I was actually shooting really well, that is, when I had bullets and magazines in my gun!

All of the way home, my mind is racing and trying to figure out what was happening with my magazines!


Since I have dedicated myself to becoming competitive, I have become anal and obsessive about making my basics completely right and natural. Some of you may have heard me complain about this before, but due to my big bear paws, I have continuously struggled with my grip. For weeks I have been emailing friends, coaches…anyone who would listen to me about my issues with my grip and to gain insight into making my grip better.

My grip has been my obsession for two reasons: 1) I am constantly adjusting my grip during shooting and it never feels “locked up”.  2) My recoil is nowhere near consistent and I am constantly chasing my sight picture.

Every night during the week previous to this match,  I was struggling and working with both my trigger pull and my grip. I was nearly feeling defeated because I just could not and did not feel as though it was “right”.

Good Day

On the way home, I decided to stop by a local range and to (hopefully) figure out the issue. I knew if I didn’t,  I wouldn’t be able to sleep. I walked out onto the range, put a magazine in my pistol, got my grip and took a shot. Magazine demons and all of Hell fall away from my pistol again – this time they were laughing loudly at me!  I attempt this again, with the same result. I am unsure why, but when I took a shot strong hand (only), the magazine stayed in.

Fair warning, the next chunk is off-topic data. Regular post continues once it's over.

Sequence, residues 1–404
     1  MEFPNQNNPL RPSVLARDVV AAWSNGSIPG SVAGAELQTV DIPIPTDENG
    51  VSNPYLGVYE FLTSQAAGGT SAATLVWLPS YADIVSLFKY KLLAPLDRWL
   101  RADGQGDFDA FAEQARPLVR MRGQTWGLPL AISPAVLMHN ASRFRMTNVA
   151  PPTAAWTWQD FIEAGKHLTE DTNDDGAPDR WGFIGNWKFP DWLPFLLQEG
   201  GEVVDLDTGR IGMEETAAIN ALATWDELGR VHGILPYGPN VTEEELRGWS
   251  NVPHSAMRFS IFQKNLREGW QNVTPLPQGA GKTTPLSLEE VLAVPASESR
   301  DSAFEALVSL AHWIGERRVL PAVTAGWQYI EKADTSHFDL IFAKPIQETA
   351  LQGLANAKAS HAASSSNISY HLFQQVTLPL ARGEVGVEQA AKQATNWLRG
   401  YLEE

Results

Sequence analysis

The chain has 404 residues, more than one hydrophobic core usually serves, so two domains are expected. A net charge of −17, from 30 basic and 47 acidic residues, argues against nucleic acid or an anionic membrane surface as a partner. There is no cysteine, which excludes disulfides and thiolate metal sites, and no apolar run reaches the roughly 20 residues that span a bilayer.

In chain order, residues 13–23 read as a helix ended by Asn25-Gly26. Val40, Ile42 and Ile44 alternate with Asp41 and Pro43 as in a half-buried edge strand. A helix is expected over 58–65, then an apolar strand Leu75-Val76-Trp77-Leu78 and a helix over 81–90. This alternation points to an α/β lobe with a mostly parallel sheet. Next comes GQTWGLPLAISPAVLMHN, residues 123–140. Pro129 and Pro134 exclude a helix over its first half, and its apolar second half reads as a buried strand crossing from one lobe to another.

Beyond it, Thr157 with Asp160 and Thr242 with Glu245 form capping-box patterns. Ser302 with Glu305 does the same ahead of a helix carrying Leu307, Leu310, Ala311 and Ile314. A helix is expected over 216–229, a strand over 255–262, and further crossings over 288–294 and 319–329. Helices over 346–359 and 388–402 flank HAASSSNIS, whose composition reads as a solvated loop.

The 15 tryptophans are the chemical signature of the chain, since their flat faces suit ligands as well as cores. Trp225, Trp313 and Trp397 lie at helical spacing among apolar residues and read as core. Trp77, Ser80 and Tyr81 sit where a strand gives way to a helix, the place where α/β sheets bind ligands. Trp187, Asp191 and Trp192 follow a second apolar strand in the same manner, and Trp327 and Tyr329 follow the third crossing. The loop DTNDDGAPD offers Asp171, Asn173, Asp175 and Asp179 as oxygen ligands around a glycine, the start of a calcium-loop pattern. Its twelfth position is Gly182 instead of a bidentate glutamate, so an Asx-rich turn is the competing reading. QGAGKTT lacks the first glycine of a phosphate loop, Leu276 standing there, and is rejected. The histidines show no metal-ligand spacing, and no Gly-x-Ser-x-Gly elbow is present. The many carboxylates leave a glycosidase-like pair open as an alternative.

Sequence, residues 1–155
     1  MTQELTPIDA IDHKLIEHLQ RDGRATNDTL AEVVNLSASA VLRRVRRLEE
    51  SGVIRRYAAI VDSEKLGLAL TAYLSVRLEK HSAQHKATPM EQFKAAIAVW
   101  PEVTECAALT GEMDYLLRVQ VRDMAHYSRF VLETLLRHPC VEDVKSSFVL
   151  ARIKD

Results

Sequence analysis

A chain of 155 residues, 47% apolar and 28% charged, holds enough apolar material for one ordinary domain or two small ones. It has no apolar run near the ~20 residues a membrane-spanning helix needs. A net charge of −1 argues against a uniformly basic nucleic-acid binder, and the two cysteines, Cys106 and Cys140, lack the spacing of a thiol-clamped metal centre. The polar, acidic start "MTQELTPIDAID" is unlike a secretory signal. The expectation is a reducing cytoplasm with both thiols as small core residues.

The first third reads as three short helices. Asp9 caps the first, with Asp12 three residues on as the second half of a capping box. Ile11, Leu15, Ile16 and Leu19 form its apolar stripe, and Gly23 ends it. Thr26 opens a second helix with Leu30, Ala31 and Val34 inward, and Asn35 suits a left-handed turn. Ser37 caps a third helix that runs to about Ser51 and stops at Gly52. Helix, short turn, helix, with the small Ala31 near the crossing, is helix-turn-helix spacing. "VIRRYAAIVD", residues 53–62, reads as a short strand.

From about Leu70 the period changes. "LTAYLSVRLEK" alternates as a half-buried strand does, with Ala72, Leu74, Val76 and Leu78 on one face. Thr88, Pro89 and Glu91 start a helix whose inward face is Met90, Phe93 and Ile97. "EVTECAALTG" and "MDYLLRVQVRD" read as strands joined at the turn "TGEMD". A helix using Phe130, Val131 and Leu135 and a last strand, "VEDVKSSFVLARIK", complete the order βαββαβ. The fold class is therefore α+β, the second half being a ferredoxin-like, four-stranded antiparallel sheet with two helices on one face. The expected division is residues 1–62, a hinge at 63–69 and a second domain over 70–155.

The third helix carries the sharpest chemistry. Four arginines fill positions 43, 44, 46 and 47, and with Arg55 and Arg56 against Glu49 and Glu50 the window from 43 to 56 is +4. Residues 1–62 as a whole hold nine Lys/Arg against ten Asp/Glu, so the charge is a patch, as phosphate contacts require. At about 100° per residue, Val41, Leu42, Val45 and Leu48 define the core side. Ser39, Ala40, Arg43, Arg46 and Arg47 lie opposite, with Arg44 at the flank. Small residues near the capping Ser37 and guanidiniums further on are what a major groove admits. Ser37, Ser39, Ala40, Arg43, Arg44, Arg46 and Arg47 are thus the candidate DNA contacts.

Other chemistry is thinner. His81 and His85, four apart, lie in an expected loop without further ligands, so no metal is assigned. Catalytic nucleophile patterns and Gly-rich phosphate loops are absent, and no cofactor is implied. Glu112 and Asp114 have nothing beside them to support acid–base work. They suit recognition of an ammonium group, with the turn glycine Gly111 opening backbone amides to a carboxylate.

So, I pulled the trigger 8 more times and “voila” the magazine is all good!

Next, I take a two hand grip and the magazine drops.

It was at this point where my bad day of shooting transitioned. To complete my “test”, I take a two hand grip and make absolutely sure my weak hand stays completely off and away from the magazine release. As I pull the trigger 6 times, two things happen:

  • no magazine drops
  • (for the first time) I see a controlled recoil sight picture for all 6 shots

Subtly, without my full recognition and after painstakingly working on my grip, it finally “learned” to make the weak side contact properly. The gun I was shooting with had an extended, tear drop shaped magazine release – in 3 years of shooting this gun, I never made any contact with it while shooting. Suddenly, because of the greater contact of my weak side hand and my control of the pistol, the magazine release was too much and was being activated.

In spite of the earlier frustration, I had found a grip I could build upon.

Truth is, I should have been able to figure this out during the match – I probably would have had my brain not been in WTH-ville over the malfunction. What should have been a big clue to me during the match was the way I automatically sped up without thinking. In other words, my recoil control was much improved (which is grip), since my brain could just kick into overdrive and my shooting followed.

Lessons Learned

  • ZSA matches are fun and bring new challenges to your action pistol experience. Shoot these matches!
  • Basics count. A grip is a core basic, so if your grip doesn’t feel right, it probably isn’t. Obsess over this until you find that right grip.
  • If you are seeing an inconsistent recoil picture, it is probably an issue with your grip.
  • Small steps and improvements often stack up suddenly into a big improvement.
  • When your grip is proper and in control of your pistol, you can shoot faster. You will never shoot faster with a bad grip!

Read the other Journey to USPSA articles:
Establishing a Training Regimen
Rebuilding the Core Basics